Today's installment of campaign-related news items from across the country.
* At an event over the weekend, former President Barack Obama expressed some concern about the "rigidity" of some in his party's base, whom he believes targets Democrats unnecessarily for "straying from purity on the issues."
* The Associated Press reported over the weekend on "a persistent group" of Sen. Bernie Sanders' (I-Vt.) supporters, who not only believe the process was deliberately stacked against him in 2016, but who are also threatening not to support the Democratic ticket in 2020 unless the Vermont senator is the nominee.
* Sen. Elizabeth Warren (D-Mass.) is unveiling a detailed new housing policy today, which she summarized in an op-ed for the Reno Gazette Journal.
* Sen. Cory Booker (D-N.J.) became the latest Democratic presidential hopeful to release his fundraising tallies from the first quarter, announcing yesterday that his campaign raised $5.1 million in the first three months of the year. That's short of the kind of numbers we've seen from some of the senator's rivals.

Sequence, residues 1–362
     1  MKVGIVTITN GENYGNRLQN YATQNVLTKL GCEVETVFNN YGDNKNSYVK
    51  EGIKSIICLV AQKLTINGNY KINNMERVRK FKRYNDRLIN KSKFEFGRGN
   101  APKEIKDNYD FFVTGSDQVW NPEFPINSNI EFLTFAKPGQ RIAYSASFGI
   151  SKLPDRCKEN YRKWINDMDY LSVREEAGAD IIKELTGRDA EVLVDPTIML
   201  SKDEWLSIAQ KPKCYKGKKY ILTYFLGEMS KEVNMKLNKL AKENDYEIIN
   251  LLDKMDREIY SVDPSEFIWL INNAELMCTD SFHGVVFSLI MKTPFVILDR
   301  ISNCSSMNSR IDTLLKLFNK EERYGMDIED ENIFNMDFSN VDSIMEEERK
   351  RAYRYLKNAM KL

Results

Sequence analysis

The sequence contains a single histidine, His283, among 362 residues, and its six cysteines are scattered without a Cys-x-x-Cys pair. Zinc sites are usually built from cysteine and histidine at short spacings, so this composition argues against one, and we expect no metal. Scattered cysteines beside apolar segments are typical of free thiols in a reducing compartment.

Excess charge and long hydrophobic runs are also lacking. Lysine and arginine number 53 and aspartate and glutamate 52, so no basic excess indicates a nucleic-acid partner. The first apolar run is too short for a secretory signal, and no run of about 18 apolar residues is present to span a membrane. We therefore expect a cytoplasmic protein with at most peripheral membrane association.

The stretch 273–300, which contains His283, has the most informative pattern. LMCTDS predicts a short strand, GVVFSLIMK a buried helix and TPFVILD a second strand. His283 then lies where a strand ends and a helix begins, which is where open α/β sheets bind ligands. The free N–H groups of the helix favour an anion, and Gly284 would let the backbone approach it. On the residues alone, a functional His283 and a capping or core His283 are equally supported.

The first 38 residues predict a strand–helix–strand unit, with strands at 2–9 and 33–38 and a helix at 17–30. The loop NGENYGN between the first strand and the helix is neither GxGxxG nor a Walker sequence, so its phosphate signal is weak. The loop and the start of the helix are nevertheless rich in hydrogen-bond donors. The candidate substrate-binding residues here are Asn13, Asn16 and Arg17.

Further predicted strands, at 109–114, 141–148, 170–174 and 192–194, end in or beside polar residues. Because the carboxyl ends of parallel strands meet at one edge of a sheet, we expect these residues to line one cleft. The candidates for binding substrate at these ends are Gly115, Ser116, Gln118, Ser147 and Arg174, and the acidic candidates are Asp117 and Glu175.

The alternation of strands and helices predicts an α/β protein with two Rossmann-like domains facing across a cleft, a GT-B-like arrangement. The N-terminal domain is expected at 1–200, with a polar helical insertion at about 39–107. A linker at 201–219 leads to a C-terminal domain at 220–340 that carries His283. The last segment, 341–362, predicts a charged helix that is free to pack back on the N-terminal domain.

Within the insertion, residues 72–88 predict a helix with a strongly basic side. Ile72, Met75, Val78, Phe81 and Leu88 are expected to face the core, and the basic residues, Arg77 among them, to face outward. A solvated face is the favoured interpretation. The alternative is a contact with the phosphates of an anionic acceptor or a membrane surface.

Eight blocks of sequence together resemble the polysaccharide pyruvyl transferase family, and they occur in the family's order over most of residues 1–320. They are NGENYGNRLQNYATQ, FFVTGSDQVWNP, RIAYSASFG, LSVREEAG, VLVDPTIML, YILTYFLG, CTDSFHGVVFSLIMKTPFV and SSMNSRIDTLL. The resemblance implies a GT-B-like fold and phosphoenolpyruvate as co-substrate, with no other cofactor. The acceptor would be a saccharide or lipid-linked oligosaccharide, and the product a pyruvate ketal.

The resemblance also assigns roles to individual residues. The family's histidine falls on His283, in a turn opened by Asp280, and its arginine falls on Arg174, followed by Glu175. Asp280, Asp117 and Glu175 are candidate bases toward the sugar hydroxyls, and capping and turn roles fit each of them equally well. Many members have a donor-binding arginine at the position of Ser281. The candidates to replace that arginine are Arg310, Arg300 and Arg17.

* A new survey from Emerson Polling found Bernie Sanders leading the Democratic field in Massachusetts with 26%, followed by former Vice President Joe Biden with 23%. Elizabeth Warren was third in her own home state with 14%, which seems problematic.
* Rep. Tim Ryan (D-Ohio) formally launched his presidential campaign over the weekend with a rally in Youngstown.
* The Republican Senate primary in Alabama is likely to be a very crowded one, as evidenced by former Auburn football coach Tommy Tuberville throwing his hat into the ring over the weekend. The GOP nominee will face incumbent Sen. Doug Jones (D) in 2020.
* And what will Democrats do if Stacey Abrams decides not to run for the U.S. Senate next year in Georgia? Former Columbus Mayor Teresa Tomlinson has created an exploratory committee, and some Dems see her as a credible contender in the race to take on incumbent Sen. David Perdue (R).